Late last month, a new defense pact between Indonesia and Thailand inched forward toward realization with agreement on its ratification. Though the move was just one of a series that have been taken since the pact was first signed back in 2015, it nonetheless is significant within the context of the bilateral relationship in general and security ties in particular.
Indonesia and Thailand, Southeast Asia’s largest economies and among the initial founding members of the Association of Southeast Asian Nations (ASEAN), have long had a bilateral relationship that includes a security component. That includes not only routine areas of defense cooperation but also areas of concerns that need to be addressed, such as illegal fishing, which has been of particular concern for Indonesian President Joko “Jokowi” Widodo since taking office (See: “Indonesia’s Maritime Ambitions: Can Jokowi Realize Them?”).
As ties continued to develop in this realm, the two defense ministers inked an initial memorandum of understanding (MoU) on defense cooperation back in May 2015. At the time, the thinking was that this could help encourage more collaboration in areas such as maritime security while also helping create a more favorable environment for the management of outstanding issues, including ongoing talks on maritime border delimitations, which Indonesia has been active on (See: “Why Did Indonesia Just Rename its Part of the South China Sea?”).
Yet the signing of the initial defense cooperation agreement was only the beginning of the process for both countries. As bilateral engagements, including initial border delimitation talks, have been ongoing, the next steps, formally speaking, included ratification and then progress on initial implementation of agreed steps.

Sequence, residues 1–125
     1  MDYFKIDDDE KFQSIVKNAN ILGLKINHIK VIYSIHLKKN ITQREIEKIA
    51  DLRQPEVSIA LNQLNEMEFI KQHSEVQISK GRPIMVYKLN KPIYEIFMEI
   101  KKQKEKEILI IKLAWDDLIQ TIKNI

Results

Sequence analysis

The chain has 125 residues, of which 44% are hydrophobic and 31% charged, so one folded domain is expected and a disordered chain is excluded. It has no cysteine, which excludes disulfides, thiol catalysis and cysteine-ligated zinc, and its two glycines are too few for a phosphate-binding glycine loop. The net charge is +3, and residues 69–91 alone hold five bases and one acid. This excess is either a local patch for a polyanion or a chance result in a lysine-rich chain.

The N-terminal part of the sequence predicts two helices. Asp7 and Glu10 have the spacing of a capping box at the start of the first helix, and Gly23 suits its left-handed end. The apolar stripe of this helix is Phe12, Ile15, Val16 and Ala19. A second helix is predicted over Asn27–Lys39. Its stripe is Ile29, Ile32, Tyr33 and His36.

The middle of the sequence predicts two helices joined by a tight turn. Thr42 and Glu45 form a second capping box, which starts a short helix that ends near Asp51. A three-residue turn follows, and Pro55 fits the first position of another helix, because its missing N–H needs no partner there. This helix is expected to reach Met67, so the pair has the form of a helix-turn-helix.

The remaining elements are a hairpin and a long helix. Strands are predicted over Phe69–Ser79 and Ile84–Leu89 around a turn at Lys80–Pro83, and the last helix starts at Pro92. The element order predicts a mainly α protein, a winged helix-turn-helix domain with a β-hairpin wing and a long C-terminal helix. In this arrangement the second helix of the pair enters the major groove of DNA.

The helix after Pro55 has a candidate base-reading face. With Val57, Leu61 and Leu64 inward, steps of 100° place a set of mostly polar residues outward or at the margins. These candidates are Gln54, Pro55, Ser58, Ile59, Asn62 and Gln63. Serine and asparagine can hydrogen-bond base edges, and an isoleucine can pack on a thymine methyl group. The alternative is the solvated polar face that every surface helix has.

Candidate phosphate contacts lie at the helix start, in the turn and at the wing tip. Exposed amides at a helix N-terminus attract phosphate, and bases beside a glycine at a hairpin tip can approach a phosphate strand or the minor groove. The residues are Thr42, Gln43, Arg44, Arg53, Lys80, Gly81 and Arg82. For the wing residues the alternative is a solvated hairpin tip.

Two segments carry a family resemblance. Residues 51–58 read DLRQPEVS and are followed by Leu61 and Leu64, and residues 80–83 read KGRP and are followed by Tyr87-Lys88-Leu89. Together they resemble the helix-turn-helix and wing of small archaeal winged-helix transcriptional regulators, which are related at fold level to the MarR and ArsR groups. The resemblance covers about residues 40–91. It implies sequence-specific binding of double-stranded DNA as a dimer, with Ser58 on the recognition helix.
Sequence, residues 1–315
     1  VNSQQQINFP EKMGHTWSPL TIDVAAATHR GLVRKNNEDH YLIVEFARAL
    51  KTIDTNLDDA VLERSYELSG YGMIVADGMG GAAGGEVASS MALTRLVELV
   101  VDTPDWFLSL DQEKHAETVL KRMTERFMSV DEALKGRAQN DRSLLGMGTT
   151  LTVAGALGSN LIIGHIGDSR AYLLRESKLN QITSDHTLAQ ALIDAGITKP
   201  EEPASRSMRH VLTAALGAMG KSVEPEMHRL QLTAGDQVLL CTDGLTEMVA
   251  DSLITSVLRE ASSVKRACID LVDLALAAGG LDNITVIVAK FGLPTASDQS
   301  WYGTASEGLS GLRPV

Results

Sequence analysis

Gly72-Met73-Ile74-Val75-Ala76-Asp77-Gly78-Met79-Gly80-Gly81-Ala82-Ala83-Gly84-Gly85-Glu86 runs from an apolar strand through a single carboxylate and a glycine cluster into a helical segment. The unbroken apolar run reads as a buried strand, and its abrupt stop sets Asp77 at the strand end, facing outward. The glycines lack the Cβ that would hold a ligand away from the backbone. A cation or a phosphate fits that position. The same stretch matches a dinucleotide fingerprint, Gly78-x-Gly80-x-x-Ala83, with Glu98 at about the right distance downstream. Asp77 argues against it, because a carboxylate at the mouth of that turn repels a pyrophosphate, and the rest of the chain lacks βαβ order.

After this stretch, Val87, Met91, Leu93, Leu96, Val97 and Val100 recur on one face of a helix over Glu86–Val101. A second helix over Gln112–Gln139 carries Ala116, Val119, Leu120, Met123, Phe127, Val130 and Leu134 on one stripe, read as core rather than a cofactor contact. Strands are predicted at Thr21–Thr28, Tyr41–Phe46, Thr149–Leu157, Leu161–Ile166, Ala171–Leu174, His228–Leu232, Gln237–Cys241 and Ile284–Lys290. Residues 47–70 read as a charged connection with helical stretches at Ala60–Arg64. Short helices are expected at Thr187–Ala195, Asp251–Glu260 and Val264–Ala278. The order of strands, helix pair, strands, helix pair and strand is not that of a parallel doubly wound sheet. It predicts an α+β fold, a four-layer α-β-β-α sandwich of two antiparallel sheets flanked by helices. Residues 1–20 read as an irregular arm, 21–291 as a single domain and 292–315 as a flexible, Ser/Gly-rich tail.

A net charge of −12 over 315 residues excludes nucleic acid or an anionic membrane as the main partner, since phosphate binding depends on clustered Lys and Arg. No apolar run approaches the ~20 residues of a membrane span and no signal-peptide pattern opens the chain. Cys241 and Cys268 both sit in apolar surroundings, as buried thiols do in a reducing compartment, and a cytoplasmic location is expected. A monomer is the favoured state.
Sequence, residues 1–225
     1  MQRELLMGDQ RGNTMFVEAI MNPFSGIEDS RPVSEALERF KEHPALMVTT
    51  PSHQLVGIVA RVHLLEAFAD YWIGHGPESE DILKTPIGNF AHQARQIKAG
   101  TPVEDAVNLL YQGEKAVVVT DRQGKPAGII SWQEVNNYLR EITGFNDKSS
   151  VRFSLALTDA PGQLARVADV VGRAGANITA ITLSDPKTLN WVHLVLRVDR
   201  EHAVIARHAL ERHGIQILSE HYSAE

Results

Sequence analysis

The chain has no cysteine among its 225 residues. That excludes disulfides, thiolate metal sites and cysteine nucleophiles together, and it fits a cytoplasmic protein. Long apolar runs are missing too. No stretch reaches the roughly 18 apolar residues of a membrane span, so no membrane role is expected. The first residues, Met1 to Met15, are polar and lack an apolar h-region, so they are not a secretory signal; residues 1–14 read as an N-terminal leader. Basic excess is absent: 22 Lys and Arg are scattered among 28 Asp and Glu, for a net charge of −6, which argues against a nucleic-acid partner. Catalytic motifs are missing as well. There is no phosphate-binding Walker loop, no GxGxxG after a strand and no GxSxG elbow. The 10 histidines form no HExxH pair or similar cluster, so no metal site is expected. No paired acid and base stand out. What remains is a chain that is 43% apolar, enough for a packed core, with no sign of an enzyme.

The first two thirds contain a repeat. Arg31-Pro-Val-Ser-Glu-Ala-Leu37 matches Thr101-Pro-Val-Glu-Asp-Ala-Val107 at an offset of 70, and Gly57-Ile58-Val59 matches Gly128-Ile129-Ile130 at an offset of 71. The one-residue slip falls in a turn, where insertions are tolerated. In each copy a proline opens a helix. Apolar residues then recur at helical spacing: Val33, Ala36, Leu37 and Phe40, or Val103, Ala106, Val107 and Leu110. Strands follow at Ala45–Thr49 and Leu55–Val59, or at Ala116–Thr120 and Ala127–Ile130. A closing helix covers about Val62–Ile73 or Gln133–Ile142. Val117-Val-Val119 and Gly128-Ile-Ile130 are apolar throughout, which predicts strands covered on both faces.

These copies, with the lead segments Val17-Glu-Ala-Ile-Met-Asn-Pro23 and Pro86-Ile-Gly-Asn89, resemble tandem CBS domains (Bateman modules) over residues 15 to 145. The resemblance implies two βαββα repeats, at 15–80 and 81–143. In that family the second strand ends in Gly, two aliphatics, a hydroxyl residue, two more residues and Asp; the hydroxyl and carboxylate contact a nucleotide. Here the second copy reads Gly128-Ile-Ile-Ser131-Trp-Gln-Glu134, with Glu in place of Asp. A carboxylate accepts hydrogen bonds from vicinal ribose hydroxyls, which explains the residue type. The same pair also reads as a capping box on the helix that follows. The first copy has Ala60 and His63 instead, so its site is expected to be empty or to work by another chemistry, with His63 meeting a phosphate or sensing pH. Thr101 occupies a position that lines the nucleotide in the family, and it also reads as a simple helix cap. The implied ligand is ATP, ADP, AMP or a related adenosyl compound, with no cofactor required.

Late last month, the bill moved forward in terms of ratification on the Indonesian side. Following a March 26 working meeting between officials including Defense Minister Ryamizard Ryacudu and lawmakers that was scheduled back in February, there was official agreement for ratification of the initial pact.
According to the defense ministry’s account of the meeting, Ryacudu reinforced his hope that the defense cooperation agreement would provide a strong legal basis for both sides to move forward on cooperation, including on issues that go beyond the Indonesian defense ministry and the military.
Following ratification, the agreement moves on to the initial implementation stage, marking yet another step in the slow but sure formalization of defense ties between the two Southeast Asian states.